The Detroit Lions are embarking on their first NFL season in over a decade with a new signal-caller under center.
Matthew Stafford, arguably one of the organization's best to ever play the position, is now a member of the Los Angeles Rams.
"On the stat sheet, Stafford lit up under different coaching regimes in Detroit, despite a 74-90-1 career record and an 0-3 record in the playoffs. He has 45,109 passing yards, 282 touchdowns, 144 interceptions and a 62.6% completion percentage," per 247Sports.
At some point, could the organization bring him back to place him in its ring of honor?
Eighteen former members of the roster have been placed in the team's ring of honor, which was created in 2009: Lem Barney, Jack Christiansen, Dutch Clark, Herman Moore, Roger Brown, Alex Karras, Lou Creekmur, Jason Hanson, Dick “Night Train” Lane, Yale Lary, Bobby Layne, Dick LeBeau, Barry Sanders, Charlie Sanders, Joe Schmidt, Dick Stanfel, Doak Walker and Alex Wojciechowicz.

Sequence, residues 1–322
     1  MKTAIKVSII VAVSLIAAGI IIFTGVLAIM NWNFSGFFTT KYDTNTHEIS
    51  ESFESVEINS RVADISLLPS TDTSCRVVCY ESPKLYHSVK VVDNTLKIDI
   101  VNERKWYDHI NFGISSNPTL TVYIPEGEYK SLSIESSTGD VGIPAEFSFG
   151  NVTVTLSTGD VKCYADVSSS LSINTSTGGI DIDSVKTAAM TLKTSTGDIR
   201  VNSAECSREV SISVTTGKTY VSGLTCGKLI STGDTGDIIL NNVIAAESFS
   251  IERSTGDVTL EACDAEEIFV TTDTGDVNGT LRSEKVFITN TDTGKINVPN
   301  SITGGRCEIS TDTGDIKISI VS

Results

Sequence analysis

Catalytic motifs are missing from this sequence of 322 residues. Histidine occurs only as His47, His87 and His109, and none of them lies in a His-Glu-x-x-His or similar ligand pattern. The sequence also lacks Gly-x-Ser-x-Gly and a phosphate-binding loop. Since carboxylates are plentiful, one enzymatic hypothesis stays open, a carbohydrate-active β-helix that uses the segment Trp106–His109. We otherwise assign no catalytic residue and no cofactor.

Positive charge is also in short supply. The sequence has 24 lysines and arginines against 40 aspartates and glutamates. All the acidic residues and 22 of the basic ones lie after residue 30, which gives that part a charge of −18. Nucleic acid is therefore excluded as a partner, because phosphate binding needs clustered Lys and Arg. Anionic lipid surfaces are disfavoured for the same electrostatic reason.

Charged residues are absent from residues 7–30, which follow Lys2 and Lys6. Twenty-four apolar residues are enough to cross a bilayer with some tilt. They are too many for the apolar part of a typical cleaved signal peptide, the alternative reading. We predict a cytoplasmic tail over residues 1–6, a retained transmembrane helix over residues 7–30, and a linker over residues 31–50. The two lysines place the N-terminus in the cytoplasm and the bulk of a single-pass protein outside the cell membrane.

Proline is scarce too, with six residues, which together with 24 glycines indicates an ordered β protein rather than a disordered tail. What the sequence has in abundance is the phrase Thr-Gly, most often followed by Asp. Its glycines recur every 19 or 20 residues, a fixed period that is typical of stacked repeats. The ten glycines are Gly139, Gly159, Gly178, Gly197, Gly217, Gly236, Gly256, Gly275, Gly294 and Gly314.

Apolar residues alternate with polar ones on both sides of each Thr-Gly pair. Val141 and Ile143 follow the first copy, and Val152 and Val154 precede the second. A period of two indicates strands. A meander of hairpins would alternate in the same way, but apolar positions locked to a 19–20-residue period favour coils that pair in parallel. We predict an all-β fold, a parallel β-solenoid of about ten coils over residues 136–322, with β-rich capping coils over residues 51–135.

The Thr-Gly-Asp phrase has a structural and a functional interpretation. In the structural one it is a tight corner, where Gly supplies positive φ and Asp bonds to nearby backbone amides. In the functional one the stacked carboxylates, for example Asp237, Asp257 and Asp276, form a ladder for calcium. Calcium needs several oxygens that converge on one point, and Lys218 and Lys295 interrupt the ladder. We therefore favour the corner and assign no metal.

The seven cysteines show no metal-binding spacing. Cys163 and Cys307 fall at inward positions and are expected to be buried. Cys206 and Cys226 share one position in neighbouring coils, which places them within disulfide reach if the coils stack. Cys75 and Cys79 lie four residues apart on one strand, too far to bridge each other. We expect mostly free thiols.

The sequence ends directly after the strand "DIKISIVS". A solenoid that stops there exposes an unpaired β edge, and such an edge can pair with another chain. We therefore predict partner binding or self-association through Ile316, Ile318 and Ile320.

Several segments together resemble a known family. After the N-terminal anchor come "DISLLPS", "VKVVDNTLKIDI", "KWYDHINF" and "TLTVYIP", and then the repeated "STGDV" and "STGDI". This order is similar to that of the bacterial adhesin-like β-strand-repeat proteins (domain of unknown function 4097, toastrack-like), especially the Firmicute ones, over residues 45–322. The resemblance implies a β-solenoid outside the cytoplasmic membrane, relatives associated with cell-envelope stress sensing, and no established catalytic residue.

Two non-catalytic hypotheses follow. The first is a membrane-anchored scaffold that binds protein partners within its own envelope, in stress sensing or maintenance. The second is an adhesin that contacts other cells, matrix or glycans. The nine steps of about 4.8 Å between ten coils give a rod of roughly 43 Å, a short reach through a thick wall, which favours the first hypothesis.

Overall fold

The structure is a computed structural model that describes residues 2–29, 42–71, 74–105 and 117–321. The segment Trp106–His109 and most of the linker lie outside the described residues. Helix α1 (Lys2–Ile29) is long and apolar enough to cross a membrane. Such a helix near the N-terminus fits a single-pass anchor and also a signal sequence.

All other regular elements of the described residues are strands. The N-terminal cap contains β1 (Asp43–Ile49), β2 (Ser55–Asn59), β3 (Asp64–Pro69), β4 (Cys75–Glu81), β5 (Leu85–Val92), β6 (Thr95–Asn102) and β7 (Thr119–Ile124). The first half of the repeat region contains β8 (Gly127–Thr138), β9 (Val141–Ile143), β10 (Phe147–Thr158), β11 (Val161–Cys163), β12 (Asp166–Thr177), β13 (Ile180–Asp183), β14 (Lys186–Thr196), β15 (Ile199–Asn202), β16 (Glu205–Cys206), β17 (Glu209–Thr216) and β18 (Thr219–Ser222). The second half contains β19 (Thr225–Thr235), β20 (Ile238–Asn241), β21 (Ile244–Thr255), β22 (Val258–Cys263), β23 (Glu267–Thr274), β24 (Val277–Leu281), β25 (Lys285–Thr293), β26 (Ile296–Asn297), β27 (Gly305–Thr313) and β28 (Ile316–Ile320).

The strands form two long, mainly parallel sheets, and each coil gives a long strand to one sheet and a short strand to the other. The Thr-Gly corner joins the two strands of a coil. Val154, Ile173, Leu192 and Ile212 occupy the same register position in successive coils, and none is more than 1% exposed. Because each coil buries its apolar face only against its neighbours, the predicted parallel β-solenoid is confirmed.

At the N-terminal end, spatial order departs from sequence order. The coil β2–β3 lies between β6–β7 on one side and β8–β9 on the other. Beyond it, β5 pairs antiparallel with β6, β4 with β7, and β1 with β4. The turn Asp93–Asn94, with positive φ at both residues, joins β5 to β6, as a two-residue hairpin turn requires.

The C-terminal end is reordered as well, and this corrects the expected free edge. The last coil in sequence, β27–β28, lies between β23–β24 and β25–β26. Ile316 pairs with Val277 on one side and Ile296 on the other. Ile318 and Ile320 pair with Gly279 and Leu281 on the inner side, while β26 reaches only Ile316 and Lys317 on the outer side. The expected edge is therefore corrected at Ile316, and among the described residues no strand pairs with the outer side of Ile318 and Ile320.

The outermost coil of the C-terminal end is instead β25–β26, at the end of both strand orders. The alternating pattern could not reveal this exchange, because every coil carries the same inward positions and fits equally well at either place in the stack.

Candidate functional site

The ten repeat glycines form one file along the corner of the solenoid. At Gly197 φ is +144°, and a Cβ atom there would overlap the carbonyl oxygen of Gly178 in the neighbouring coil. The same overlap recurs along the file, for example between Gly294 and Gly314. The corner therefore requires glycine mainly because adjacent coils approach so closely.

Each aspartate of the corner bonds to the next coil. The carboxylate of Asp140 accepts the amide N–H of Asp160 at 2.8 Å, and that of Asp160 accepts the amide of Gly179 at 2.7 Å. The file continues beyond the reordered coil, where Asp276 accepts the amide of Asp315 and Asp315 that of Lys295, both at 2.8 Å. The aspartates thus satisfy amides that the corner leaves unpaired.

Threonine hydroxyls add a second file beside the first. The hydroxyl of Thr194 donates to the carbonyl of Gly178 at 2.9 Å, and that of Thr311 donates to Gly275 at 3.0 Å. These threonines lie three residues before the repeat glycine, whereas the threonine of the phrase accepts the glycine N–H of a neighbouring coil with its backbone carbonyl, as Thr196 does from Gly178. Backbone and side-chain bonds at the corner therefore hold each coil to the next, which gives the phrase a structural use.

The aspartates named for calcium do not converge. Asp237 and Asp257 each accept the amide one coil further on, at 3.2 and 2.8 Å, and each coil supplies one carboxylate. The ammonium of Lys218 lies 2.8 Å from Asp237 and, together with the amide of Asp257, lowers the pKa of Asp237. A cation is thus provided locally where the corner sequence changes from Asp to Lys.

In 12 seasons under center, Stafford only took his team to three playoff appearances and never won a playoff game.
The debate that will be waged on for the next several years is how much accountability for Detroit's ills falls on the shoulders of Stafford.
There was also a myriad of other reasons for why the organization failed during his tenure -- including a lack of a running game, poor coaching, poor draft strategies and a toxic culture of losing.
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It would not be terribly surprising to see Stafford's name in the ring of honor at some point, but there will surely still be arguments against his placement on one of the organization's most prestigious lists.
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